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Changes to TKC German Shepherd Dog Breed Standard, double handling violates AKC rules, as well as safety and respect for ringside spectators.

 

 

GERMAN SHEPHERD DOG JUDGING CHANGES IN THE UK

Fred Lanting, International All-Breeds, Sieger/Schutzhund Judge

 

The Kennel Club (Britain’s primary dog organization) has announced changes to the German Shepherd Dog Breed Standard, new required education seminars for judges, and TKC Reps will be attending all championship shows to enforce the new protocol and to curtail double handling at ringside.

 

Also, the following has been added to the GSD Standard: “…free from exaggeration, capable of standing comfortably and calmly, freely and in structural balance, whilst both rear pasterns are vertical.

 

Judging contracts for 2018 and beyond are suspended until each judge has attended one of The Kennel Club German Shepherd Dog judging seminars.

 

As a German Shepherd Dog fan and owner since 1947, an international judge approved by the GSD parent club “Schäferhund Verein” (SV), and having judged the breed in over 30 countries including in the United Kingdom, I wrote to Natalie Watson at The Kennel Club (TKC) suggesting an exemption from the seminar prerequisite for foreign judges.

 

Also, since we can only reward what we see in the ring, I hoped that the United Kennel Club (UKC) publications would print my “expansion and commentary” on TKC’s Breed Standard addition. In that article I stressed that body structure should relate to working ability, which is what the SV Standard does: Endurance, Strength, Agility, and Character.

 

Since the job of a judge is that of a “guesser” (rewarding dogs that he supposes would be able to perform according to function), he should especially reward “working-ability soundness.” These call for strong pasterns, firm back (preferably straight and nearly level), and functional (not extreme) angulation from hip to hock, superior shoulder-forearm angulation, and adequate foreleg length (equal to or greater than height at withers). The breed currently suffers from some neglect in these areas.

 

If character is not evaluated in a demanding performance test, at least there should be no hint at all of any lack of courage and self-confidence in an adult dog.

 

The GSD has lost many supporters because the breed’s image has drifted from what von Stephanitz founded, especially over the past six decades. In the current head of the SV, Heinrich Messler, we have a man who is not afraid to point out “the emperor’s new clothes” and call for a return to the sanity of the first half of the previous Century’s GSD body structure.

 

Fanciers of other breeds generally mock what they see in many or most German Shepherd Dog examples: short on leg, overly-sloped or broken-back topline, and incorrect running gear.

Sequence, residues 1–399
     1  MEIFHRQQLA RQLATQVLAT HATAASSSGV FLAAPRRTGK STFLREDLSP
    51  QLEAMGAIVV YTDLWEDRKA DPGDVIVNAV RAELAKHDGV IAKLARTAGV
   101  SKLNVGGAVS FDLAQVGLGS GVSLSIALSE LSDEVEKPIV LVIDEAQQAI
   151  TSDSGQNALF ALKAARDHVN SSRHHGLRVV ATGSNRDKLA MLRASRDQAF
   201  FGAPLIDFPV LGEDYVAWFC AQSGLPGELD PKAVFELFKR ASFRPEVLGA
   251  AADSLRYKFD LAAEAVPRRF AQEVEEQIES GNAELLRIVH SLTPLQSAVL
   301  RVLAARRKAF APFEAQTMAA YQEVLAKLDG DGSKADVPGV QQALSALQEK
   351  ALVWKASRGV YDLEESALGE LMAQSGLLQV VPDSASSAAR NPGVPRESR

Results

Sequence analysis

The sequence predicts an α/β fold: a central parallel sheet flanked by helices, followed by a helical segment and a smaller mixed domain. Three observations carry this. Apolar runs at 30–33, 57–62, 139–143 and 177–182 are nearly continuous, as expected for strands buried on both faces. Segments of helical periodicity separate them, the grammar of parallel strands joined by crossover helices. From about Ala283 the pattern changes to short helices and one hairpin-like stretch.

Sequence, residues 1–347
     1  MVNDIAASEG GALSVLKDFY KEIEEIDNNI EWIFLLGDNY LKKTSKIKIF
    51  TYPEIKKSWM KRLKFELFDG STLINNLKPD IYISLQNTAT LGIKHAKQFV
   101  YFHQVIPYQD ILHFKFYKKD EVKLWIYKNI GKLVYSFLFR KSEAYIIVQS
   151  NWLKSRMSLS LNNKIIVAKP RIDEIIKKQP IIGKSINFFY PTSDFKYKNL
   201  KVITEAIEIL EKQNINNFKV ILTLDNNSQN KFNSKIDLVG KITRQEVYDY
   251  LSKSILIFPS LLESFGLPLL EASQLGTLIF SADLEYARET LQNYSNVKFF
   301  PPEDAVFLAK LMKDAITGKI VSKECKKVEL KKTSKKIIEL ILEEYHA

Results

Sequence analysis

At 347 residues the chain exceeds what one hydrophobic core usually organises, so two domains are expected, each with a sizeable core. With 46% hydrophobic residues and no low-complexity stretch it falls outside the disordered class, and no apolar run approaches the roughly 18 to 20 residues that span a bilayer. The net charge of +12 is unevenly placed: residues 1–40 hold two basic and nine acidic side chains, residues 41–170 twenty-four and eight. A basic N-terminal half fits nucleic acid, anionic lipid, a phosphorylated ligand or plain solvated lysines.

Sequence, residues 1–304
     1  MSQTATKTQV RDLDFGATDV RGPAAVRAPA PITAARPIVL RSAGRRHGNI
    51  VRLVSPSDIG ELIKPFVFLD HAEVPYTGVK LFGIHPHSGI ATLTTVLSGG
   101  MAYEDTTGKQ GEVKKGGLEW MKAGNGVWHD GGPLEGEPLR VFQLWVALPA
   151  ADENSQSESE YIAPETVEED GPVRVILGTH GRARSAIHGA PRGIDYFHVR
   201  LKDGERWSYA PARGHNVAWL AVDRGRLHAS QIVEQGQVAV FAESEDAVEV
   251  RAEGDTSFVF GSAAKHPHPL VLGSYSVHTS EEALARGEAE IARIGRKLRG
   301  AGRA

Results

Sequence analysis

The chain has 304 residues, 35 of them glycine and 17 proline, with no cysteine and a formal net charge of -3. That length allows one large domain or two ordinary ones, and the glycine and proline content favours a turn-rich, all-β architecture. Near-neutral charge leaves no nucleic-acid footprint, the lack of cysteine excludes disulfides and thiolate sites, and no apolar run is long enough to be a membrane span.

The question that arises in the minds of some independence-minded American dog fanciers is “So what?” In the USA we have other venues where we can continue to show, such as the UKC, which is as venerable and almost as old as AKC, plus other show organizations. However, I recognize that the biggest club draws the most activity.

 

I wonder if The Kennel Club has so much magnetism and power that people who rebel against TKC edicts will not simply continue with their own competitions? After all, entries at TKC-affiliated specialty shows have been so abysmally low that I doubt holding their own independent shows would make any difference. If titles are desired, some coalition of club officers could set up procedures to accomplish that.

 

If not, dog show competitors could simply list the wins and number of times their German Shepherd Dog has received the “V” rating or placed first in class or show.  That’s the way it is done in the SV, anyway, with no championship titles or points involved.

 

Granted, other breeds have problems. See Deformed Dogs and Health Defects in Purebred Dogs for examples. The 2016 furor over the GSD in the UK is putting our breed in that sort of notoriety, too.

1610 http://www.thedogplace.org/ShowPlace/GSD-judging-changes-in-UK-161001-fl.asp


Fred Lanting is an all-breed judge with experience in over 30 countries. He is a well-known Shiba breeder and GSD authority. He handled Akitas in the 1960s and `70s, and was named an official JKC judge, a rare honor. He has lectured around the world on breeding, judging, canine movement, and CHD (canine hip dysplasis).   Be sure to peruse these Dog Books by Fred Lanting


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